Doctors and grandmas alike agree that optimism is good for your health. Most people want to be happier, more optimistic.
An interesting article was just published in Nature Neuroscience magazine entitled How Unrealistic Optimism is Maintained in the Face of Reality.
A synopsis from BBC News:
“Scientists at University College London rated 14 people for their level of optimism and tested them in a brain scanner. Each was asked how likely 80 different “bad events” – including a divorce or having cancer – were to happen.
They were then told how likely this was in reality. At the end of the session, the participants were asked to rate the probabilities again.
There was a marked difference in the updated scores of optimists depending on whether the reality was good or bad news.
Dr Tali Sharot, lead researcher, gave the example of the risk of cancer being set at 30%.
If the patient thought their risk was 40%, then at the end of the experiment they downgraded their own risk to about 31%, she said.
However, if the patient originally thought their risk was 10%, they only marginally increased their risk – they “leaned a little bit, but not a lot”.
When the news was positive, all people had more activity in the brain’s frontal lobes, which are associated with processing errors. With negative information, the most optimistic people had the least activity in the frontal lobes, while the least optimistic had the most.
It suggests the brain is picking and choosing which evidence to listen to…” [I added the italics.]
I’m thrilled that most of these people said their own chances of experiencing the negative events remained small, even in the face of contrary statistics. Clearly they subconciously have decided to be optimistic about those particular events. I have two questions from the research:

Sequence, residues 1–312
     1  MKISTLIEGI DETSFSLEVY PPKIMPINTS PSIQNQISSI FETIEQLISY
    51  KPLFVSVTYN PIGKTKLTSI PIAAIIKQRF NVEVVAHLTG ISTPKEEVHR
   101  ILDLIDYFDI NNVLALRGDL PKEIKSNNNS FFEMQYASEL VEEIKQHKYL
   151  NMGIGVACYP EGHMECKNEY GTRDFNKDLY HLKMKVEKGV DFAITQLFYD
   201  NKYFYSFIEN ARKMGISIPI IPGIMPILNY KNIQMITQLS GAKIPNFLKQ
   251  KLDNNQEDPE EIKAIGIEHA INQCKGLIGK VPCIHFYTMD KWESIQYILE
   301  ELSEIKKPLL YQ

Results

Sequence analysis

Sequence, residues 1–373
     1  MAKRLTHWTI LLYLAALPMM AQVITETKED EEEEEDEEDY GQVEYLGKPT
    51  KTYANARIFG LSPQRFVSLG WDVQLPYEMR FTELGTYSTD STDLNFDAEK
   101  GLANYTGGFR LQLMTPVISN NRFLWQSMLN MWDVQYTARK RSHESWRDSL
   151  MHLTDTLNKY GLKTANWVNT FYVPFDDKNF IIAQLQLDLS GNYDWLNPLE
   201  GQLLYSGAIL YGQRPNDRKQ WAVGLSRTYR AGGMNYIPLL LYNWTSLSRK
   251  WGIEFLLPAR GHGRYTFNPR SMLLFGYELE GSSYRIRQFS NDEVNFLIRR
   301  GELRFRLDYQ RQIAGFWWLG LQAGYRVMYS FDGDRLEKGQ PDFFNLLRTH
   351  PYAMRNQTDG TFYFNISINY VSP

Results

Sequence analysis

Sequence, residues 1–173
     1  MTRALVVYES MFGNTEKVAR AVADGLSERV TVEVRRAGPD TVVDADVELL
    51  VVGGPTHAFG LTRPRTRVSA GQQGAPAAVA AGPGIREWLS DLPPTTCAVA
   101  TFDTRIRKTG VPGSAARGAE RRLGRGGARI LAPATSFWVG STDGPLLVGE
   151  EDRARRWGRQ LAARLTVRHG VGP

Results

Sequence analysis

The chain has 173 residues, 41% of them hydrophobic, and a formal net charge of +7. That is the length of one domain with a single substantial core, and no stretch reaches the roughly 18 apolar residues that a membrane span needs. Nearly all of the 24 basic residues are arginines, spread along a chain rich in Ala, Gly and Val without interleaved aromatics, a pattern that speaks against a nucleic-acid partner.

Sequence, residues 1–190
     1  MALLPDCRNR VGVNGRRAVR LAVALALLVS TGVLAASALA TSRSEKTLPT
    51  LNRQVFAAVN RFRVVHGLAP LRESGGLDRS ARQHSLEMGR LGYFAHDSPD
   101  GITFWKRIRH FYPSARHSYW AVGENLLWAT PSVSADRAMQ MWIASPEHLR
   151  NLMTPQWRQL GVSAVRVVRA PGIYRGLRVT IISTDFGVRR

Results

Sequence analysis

1) while the people in this study appear remarkably optimistic, I wonder what would happen if the consequences of the events didn’t appear so severe. Cancer and divorce are really big, negative events; what would happen if the questions were more along the lines of “what are your chances of getting cut off by a rude driver today?” or “how likely are you to make a fool of yourself in front of your boss/teacher?” What would they respond to “how likely is your business idea to succeed?”
2) I want to know what researchers believe is the cause of the decreased activity in the frontal lobes of the optimistic.
Those who have been reading my blog know that the physical body just follows our spiritual and energetic desires. The frontal lobe reacts to the information based on the beliefs of the individual who is filtering through that information. One of my best posts on this subject was this one.
Very interesting research, I’d love to hear what might readers think: Does the brain “pick and choose which evidence to listen to” as the article says? What does that mean for you if your beliefs are filtering all the evidence you experience around you? How can you use this information to your advantage?
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